The world has never seen anything like this mountain of debt ever before, and one of the central themes of The Economic Collapse Blog is that all of this debt will ultimately destroy our society.  According to the Institute of International Finance, the total amount of global debt is now  “more than three times the size of the global economy”

The world’s debt pile is hovering near a record at $244 trillion, which is more than three times the size of the global economy, according to an analysis by the Institute of International Finance.

The global debt-to-GDP ratio exceeded 318 percent in the third quarter of last year, despite a stronger pace of economic growth, according to a report by the Washington-based IIF released on Tuesday.

…click on the above link to read the rest of the article…

Global Debt Surpasses 244 Trillion Dollars As “Nearly Half The World Lives On Less Than $5.50 A Day”

Global Debt Surpasses 244 Trillion Dollars As “Nearly Half The World Lives On Less Than $5.50 A Day”

The borrower is the servant of the lender, and one of the primary ways that the elite keep the rest of us subjugated is through the $244,000,000,000,000 mountain of global debt that has been accumulated.  Every single day, the benefits of our labor are going to enrich somebody else.  A portion of the taxes that are deducted from your paycheck is used to pay interest on government debt.  A portion of the profits that your company makes probably goes to servicing some form of business debt.  And most Americans are continuously making payments on their mortgages, their auto loans, their credit card balances and their student loan debts.  But most people never stop to think about who is becoming exceedingly wealthy on the other end of these transactions.  Needless to say, it isn’t the 46 percent of the global population that is living on less than $5.50 a day.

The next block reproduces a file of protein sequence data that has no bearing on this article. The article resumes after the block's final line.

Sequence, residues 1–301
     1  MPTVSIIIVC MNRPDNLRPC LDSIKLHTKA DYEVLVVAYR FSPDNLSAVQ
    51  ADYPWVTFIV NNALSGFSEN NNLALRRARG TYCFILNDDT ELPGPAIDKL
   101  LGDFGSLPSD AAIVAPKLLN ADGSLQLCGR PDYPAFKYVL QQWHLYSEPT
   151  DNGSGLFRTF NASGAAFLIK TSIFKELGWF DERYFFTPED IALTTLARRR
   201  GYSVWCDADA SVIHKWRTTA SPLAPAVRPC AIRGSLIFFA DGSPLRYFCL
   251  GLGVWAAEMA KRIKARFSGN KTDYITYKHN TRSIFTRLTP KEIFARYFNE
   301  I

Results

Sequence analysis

The world has never seen anything like this mountain of debt ever before, and one of the central themes of The Economic Collapse Blog is that all of this debt will ultimately destroy our society.  According to the Institute of International Finance, the total amount of global debt is now  “more than three times the size of the global economy”

The world’s debt pile is hovering near a record at $244 trillion, which is more than three times the size of the global economy, according to an analysis by the Institute of International Finance.

The global debt-to-GDP ratio exceeded 318 percent in the third quarter of last year, despite a stronger pace of economic growth, according to a report by the Washington-based IIF released on Tuesday.

…click on the above link to read the rest of the article…

Record Global Debt & Chaos in 2019 – John Rubino

Record Global Debt & Chaos in 2019 – John Rubino

Financial writer John Rubino says no matter what country, the global debt has exploded to record highs, and it’s going to go even higher in the coming years. Rubino contends, “Government debt is going to soar going forward no matter what. Whether we have three more years of growth or a recession next year, we are going to see massive new deficits and massive increases in government debt all over the world. This is coming at a time when we have already hit record levels of debt and blown right through previous record levels. The last crisis, that almost ended the global financial system, was debt driven. The next one is going to be that much, much more serious because we basically doubled the amount of debt that’s out there since 2005 and 2006.”

On the political front, Rubino says, “The idea that things get more extreme from here is not that out of the ordinary and not that hard to believe. We are not just going to see gridlock here in the U.S., we are going to see chaos. That means of the things that should be gotten done, very few of them will be. . . . Political chaos is good for precious metals . . . both metals are way undervalued.”

Few would disagree, that at some point, the financial system is going to explode. Rubino says, “Let’s look at what happens when this finally blows up. The pressure is going to be on currencies when the financial system starts to spin out of control next time. In other words, people are going to see the amount of debt we are taking on, see the amount of currency we are creating to service all this debt, and will wonder what that does to the value of the currencies that are being aggressively created. They will lose faith in those currencies.

…click on the above link to read the rest of the article…

Three Things That Will Definitely Happen In 2019

Three Things That Will Definitely Happen In 2019

Much about 2019 is uncertain. But a few things are pretty much guaranteed, including the following:

Government debt will rise at an accelerating rate